Expansion is not to accommodate UK students, it is to increase capacity for overseas students. UK students make a loss that can only be made up with foreigners on full fees. It is ridiculously difficult for Brits to get places on desireable course such as nursing, medicine, computer science or maths because demand is so great from overseas. The foreign governments, rich, etc imagine that they are getting a dollop of UK liberal values but in truth, they are getting a dollop of the institutionalised political correctness, socialist lecturers, lunatic NUS politics and rubbing shoulders with people from all over the world. The only bit of the UK they get is the English language, weather and an admittedly better education than at home.

    • Father Todd Unctious

      450,000 overseas students. Knowledge is our greatest export.

      • Tamerlane

        We’re not exporting it twit.

        • Father Todd Unctious

          Gosh. Not only are you bewlidered by history , geography and maths , you are all at sea with economics too.
          If we sell a homegrown product or service to a foreigner, it is an export. They do not have to be abroad to consume it. What a wally you are . Plus a useless shill, as you give away too much if what you are privy to.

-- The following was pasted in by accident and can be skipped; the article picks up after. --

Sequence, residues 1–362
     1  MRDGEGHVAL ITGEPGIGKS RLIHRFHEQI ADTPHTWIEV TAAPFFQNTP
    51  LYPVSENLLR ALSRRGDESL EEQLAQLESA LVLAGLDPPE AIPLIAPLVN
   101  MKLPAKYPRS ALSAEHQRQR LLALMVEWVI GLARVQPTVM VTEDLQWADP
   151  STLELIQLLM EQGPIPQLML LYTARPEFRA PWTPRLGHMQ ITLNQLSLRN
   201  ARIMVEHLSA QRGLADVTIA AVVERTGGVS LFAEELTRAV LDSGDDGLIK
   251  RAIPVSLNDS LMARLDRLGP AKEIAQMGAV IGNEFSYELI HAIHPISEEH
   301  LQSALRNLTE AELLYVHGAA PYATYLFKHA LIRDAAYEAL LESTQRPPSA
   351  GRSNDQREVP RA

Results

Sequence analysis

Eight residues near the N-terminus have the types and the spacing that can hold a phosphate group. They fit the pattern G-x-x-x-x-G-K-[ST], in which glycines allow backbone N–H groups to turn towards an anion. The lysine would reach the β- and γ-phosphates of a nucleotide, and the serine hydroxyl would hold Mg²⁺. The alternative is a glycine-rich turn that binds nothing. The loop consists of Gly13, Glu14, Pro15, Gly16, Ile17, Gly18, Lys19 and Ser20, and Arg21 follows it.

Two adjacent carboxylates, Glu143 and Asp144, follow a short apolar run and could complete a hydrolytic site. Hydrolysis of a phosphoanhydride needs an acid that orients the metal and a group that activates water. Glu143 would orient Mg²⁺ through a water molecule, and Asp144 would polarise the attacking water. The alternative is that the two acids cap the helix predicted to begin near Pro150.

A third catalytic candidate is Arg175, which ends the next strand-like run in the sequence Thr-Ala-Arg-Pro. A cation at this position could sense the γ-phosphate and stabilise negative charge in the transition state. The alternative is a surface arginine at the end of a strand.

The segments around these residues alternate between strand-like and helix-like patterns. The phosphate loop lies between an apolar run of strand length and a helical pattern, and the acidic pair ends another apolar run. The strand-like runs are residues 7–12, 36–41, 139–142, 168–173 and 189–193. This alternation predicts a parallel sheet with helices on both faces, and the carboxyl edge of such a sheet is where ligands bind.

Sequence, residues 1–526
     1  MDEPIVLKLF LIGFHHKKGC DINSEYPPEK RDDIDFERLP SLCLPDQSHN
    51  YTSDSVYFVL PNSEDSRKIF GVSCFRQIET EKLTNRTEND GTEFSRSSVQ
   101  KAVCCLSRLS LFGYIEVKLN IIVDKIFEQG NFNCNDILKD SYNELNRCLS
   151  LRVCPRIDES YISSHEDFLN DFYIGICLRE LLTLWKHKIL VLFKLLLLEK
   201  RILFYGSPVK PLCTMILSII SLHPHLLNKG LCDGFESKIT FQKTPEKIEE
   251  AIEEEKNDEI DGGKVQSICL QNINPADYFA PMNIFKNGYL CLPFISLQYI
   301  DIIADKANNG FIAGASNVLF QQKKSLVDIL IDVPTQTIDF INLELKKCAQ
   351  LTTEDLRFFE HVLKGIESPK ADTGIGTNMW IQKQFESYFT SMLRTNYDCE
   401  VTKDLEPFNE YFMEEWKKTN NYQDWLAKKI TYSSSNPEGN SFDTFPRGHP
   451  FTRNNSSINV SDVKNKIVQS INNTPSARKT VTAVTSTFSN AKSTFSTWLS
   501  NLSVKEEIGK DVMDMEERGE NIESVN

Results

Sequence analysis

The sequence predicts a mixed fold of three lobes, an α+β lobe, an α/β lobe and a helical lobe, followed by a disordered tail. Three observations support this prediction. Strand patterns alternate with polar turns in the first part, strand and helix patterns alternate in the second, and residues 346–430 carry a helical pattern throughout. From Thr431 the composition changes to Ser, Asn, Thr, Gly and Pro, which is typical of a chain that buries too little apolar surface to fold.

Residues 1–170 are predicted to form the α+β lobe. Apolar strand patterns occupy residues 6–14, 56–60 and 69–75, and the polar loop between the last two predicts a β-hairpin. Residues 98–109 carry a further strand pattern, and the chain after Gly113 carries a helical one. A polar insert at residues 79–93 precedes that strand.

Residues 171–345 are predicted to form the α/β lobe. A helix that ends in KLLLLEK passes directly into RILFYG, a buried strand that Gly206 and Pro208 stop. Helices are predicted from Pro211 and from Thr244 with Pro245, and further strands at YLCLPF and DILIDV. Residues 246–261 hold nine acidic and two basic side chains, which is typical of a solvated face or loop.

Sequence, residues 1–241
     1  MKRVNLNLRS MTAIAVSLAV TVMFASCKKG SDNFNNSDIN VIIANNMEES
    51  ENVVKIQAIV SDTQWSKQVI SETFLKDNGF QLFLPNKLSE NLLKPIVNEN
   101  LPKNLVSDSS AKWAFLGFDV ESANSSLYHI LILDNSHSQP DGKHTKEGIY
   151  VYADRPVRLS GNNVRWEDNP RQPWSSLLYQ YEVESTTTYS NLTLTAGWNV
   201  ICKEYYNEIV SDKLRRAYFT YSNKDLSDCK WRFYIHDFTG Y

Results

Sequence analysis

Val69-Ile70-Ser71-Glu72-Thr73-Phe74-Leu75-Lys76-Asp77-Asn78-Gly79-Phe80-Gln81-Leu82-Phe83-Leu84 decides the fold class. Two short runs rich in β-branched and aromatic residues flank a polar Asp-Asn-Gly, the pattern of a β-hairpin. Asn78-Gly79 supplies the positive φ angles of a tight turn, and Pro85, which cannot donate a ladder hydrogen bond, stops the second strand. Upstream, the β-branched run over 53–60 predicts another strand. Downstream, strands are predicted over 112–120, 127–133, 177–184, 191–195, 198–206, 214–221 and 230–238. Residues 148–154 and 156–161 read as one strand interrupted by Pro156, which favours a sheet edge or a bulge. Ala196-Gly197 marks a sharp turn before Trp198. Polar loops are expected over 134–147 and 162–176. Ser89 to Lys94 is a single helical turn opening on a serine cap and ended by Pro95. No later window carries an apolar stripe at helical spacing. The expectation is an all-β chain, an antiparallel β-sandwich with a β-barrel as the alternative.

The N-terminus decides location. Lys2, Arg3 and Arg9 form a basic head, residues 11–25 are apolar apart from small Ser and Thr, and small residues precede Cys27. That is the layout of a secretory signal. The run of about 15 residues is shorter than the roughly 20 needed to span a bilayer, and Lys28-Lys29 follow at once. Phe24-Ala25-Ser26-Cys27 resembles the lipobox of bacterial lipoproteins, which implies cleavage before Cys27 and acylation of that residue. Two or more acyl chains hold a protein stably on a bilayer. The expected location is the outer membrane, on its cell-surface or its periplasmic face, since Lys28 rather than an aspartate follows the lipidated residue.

• Tamerlane

            Exports leave the country, twist all you like, you’re wrong. Again. Twit.

          • Father Todd Unctious

            Our biggest export is insurance. When does that “leave the country” you idiot?

          • Tamerlane

            It’s not an export. Twit.

          • Father Todd Unctious

            It is. Numpty. It earns us foreign currency. Crikey you are even rhicker than your posts betray.

          • Tamerlane

            Scweam and scweam all you like. Our biggest export is cars. You’re wrong. Again. Twit.

          • Father Todd Unctious